Topics: Putin and Xi meeting; IPCC report; Samoan Prime Minister speech; Australia’s influence on emissions reductions;
Tuesday, 21 March 2023
Simon Birmingham: Overnight we saw the meeting take place between Vladimir Putin and Xi Jinping. This meeting, we need to remember, took place against the backdrop of just days ago, the International Criminal Court issuing an arrest warrant for Vladimir Putin because of the atrocities and war crimes that he has committed in Ukraine. It comes while we continue to see the illegal and immoral invasion of Ukraine undertaken. And yet we have talked about friendship without limitations. That is disturbing and a reminder about the challenges that autocracies place on the global world order. On the support for the international rules-based order. Now, I hope that behind the scenes and the advocacy for a cessation of the illegal and immoral war in Ukraine was stronger, was clearer, and that it can yield dividends because not only is that causing such pain and suffering for the people of Ukraine, but it is reverberating continually around the world in the types of economic shocks and disruptions that it is causing.
Journalist: Are you concerned that China could offer Russia weapons of war for the war in Ukraine? And what should Australia do if that was to happen?
Simon Birmingham: Well, it would be a terrible escalation by China for them to support Russia’s illegal and immoral invasion of Ukraine. There was talk from Xi Jinping about wanting to work with Russia to support the international rules-based order underpinned by the United Nations if they’re genuine about that. It starts with respect for sovereignty. It starts with respect for territorial integrity. And that starts with respect for Ukraine and its borders and certainly not with the provision of weapons.
Journalist: The IPCC has released its report into climate change. It’s calling for an urgent transition to renewables. Do you think that’s going to shift the debate at all here in Canberra in terms of a safeguard mechanism and that transition to renewables?
Simon Birmingham: Well, the IPCC report will be no doubt another important and valuable document for the world to consider. I look forward to reviewing it over the coming days and weeks. It was only released overnight and there will be messages in there for Australia to consider about the most economically effective pathways to decarbonise and to reach net zero. But critically, there are messages for the world as well, and it is a reminder that we cannot look at the emissions reduction tasks in a purely domestic landscape. They require global action from particularly countries with large growing profiles of emissions such as China and India.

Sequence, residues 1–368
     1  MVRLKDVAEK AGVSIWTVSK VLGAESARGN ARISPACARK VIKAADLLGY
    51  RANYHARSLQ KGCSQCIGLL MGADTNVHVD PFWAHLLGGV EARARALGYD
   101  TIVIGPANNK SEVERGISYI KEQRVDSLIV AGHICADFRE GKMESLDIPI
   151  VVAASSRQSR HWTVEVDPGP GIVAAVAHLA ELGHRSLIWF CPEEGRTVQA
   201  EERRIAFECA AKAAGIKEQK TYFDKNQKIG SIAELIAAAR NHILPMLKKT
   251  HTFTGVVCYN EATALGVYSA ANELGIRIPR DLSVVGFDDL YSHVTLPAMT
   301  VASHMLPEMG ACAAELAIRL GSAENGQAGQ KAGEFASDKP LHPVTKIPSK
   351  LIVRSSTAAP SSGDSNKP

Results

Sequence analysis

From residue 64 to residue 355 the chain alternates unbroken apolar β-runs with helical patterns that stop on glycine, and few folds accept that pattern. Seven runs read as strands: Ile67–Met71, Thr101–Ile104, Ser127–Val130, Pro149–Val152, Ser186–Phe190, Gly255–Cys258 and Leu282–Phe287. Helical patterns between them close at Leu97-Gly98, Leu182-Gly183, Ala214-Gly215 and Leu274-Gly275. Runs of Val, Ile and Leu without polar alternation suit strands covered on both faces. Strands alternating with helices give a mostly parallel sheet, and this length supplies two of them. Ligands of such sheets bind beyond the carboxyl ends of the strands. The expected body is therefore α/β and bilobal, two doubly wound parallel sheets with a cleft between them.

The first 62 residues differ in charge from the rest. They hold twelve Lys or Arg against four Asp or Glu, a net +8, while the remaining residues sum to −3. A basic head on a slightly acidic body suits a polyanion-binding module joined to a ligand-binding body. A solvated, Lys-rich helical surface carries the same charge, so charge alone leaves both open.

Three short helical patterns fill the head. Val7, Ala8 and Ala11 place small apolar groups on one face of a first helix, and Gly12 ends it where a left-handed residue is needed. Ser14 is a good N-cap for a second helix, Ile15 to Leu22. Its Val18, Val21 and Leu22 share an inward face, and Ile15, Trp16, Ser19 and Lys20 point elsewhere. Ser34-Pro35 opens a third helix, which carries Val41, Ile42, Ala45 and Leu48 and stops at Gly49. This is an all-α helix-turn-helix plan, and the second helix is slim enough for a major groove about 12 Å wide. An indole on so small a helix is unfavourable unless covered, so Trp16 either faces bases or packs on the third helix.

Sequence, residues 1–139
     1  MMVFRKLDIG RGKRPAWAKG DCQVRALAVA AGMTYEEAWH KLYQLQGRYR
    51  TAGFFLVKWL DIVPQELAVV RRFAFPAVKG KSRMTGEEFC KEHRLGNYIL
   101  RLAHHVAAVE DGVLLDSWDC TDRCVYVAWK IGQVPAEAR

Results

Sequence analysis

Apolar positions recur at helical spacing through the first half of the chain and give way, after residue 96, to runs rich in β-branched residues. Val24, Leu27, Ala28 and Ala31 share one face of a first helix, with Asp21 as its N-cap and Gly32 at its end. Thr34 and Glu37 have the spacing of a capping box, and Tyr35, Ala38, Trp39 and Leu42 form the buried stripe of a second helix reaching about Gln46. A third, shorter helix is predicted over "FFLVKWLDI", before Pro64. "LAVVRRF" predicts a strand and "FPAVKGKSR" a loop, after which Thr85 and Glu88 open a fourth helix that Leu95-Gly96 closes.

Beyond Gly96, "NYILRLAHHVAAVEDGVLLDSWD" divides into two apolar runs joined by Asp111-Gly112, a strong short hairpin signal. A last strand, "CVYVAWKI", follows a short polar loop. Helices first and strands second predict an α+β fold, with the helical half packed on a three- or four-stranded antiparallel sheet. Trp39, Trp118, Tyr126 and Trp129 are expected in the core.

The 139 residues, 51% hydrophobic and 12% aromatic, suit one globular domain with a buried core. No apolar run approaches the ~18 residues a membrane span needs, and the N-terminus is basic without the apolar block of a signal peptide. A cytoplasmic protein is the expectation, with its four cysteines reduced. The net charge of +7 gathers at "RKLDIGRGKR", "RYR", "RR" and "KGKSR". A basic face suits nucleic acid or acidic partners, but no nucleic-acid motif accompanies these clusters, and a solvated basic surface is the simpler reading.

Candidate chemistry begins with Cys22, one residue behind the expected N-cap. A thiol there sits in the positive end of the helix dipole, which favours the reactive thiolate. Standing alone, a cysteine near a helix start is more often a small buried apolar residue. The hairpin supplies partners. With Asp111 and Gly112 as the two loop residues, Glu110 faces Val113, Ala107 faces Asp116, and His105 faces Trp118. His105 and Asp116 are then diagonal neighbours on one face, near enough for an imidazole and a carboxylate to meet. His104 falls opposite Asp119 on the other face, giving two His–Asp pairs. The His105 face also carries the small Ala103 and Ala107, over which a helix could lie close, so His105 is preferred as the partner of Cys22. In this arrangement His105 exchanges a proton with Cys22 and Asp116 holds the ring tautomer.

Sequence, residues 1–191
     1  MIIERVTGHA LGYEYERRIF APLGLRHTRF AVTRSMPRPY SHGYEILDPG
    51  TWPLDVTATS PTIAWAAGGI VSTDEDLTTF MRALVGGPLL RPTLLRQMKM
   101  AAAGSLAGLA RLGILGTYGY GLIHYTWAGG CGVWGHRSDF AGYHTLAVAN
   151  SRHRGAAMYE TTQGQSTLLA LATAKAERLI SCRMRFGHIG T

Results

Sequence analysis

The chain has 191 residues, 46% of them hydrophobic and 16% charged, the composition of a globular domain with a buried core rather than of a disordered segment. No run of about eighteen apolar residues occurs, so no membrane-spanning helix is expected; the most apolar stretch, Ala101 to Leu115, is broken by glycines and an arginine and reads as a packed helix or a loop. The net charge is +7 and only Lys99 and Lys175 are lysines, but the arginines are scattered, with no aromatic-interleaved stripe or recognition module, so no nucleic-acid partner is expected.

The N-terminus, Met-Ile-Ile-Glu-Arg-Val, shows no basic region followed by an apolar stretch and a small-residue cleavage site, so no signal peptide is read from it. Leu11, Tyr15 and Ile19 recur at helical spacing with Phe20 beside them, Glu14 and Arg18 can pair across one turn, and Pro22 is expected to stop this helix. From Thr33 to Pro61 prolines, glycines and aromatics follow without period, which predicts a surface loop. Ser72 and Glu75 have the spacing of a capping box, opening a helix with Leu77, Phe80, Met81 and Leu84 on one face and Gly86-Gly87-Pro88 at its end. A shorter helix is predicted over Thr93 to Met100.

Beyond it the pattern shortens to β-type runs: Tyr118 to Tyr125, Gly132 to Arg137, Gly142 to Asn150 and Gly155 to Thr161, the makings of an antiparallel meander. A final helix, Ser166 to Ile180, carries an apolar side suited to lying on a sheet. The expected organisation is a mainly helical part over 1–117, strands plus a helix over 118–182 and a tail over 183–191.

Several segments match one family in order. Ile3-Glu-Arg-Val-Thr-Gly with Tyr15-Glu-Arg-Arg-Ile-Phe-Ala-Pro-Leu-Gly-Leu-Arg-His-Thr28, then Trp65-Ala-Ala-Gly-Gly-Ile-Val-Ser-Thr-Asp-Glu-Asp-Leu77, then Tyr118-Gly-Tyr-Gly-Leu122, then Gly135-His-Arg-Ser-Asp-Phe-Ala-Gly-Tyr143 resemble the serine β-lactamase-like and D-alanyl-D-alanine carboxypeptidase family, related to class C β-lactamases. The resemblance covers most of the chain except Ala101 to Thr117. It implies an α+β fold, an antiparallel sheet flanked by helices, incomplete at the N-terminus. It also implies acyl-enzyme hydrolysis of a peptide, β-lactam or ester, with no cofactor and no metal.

Journalist: We had a speech from the Samoan Prime Minister overnight. She again called for the world to reduce emissions, particularly when it comes to Pacific nations. Given that we’ve had this IPCC report and that we have our Pacific neighbours continuously calling for reductions in emissions, what should Australia response be? Should we be ratcheting up our emissions reductions?
Simon Birmingham: It was a powerful speech by the Samoan Prime Minister last night. I was happy to be there and indeed, the bringing together of the timing of her speech, her presence and the release of the IPCC report does underpin the importance of global cooperation. And we know that any one country or just a few countries acting more strongly on their own won’t change the dial. But globally, countries working together can change the dial when it comes to projections for climate change and the voices of Pacific Island nation leaders are perhaps the most powerful voices, and that is why they have such an important role to play. Why it was important for the Prime Minister to be in Australia to give that speech, to reject that message not just to our nation, which we need to hear, but to nations around the world which they all need to hear to.
Journalist: You talk about countries working together to move the dial and the importance of countries like China and India bringing down their emissions. Do you think there could be then from Australia a bigger diplomatic effort to bring the world together, to bring down emissions? Because like you say, on our own, we can’t do a lot. But is there a role for Australia to play bringing countries together on it?
Simon Birmingham: Australia is an advanced developed economy and so we have a leading role to play, setting an example and helping to drive technological changes in helping to ensure that we are providing the type of example to the rest of the world, but doing it realistically as well, understanding the limitations of what can be achieved, the implications for our economy and actually what other countries are doing. Of course, we have roles to play diplomatically too, but we also live in a highly contested world with enormous geopolitical challenges. And so, the reality, though, is that we need all countries, whatever their differences, to recognise the messages from the IPCC report and to be willing to engage and respond to them. But we should speak honestly in this country about the challenges in other high emitting, high growth countries and the need to get them to undertake more action, just as we have the debates about the domestic landscape and what we do here. Thanks, guys.